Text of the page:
The shuttle's successors

At first sight the Dream Chaser looks like a smaller version of the Space Shuttle, the vehicle it is designed to replace. In fact its origins can be traced back to the designs for Nasa's unfinished HL-20, a winged craft that was to serve as the lifeboat for the International Space Station.

Diagram showing details of Dream Chaser

"Space is hard and we know that"

Mark Sirangelo, Sierra Nevada Corporation

Dream Chaser

  • 2015 launch date
  • Atlas V launch vehicle
  • 7 total crew capacity
  • $100m Nasa funding so far*
  • Runway landings

Like the shuttle, Dream Chaser's primary mission is to carry crew and cargo into low-Earth orbit and the International Space Station. Its developer, the Sierra Nevada Corporation, says the re-usable craft will be able to land on conventional runways.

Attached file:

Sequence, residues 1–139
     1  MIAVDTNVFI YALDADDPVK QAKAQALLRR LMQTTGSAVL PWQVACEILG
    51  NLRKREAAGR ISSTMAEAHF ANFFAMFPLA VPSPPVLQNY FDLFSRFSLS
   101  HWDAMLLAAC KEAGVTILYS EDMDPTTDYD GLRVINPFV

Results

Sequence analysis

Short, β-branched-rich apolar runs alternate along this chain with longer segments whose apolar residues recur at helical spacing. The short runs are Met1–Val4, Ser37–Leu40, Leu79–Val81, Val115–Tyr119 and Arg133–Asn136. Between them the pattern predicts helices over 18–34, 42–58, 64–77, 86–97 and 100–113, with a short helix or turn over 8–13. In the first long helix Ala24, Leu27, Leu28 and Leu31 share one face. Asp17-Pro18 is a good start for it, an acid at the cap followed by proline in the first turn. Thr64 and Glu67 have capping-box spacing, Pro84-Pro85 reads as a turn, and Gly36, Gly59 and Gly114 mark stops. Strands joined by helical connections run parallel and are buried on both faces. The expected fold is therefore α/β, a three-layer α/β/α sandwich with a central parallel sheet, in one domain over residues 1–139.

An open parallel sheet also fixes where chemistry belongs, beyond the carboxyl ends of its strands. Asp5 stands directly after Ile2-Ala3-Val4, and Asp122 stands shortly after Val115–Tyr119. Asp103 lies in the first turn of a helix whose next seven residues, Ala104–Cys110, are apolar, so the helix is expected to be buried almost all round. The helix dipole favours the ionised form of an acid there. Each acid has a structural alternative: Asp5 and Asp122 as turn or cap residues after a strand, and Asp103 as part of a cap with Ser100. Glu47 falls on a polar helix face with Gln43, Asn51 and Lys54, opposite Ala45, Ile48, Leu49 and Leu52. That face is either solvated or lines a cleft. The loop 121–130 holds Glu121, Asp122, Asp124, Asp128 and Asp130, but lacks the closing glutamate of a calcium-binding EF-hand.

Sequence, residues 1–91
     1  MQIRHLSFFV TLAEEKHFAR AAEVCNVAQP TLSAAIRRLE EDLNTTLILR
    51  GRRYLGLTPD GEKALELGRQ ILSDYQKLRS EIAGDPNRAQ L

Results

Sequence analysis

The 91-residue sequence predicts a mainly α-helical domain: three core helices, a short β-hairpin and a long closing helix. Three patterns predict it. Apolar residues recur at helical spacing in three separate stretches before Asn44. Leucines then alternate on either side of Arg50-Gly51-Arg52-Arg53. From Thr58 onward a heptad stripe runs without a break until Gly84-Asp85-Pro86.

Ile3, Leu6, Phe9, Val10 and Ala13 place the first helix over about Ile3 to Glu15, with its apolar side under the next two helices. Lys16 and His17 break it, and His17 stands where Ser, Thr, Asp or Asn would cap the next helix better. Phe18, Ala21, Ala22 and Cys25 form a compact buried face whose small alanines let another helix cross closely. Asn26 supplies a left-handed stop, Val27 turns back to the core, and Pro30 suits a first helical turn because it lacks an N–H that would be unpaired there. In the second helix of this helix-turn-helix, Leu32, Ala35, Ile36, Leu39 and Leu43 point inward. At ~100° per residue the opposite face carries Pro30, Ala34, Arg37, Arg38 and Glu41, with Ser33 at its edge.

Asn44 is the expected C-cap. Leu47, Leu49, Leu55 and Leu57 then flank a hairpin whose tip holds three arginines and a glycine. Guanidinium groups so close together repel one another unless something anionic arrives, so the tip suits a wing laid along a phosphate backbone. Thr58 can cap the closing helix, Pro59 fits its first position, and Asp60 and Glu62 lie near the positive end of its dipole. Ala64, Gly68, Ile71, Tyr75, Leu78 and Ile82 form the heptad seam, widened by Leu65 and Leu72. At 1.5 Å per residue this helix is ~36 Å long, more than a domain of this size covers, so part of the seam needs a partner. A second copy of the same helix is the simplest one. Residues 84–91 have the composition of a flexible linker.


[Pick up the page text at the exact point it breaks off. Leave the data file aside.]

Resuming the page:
Pictured above left is a scale model of Nasa's HL-20, the Dream Chaser's inspiration. On the right, a wire-frame image, again of the HL-20. Before the Dream Chaser launches in 2015, it needs to pass a safety checklist that includes, atmospheric, orbital and crew-rated testing.

*Total funding given in rounds one and two of Nasa's Commercial Crew Development programme (CCDev).

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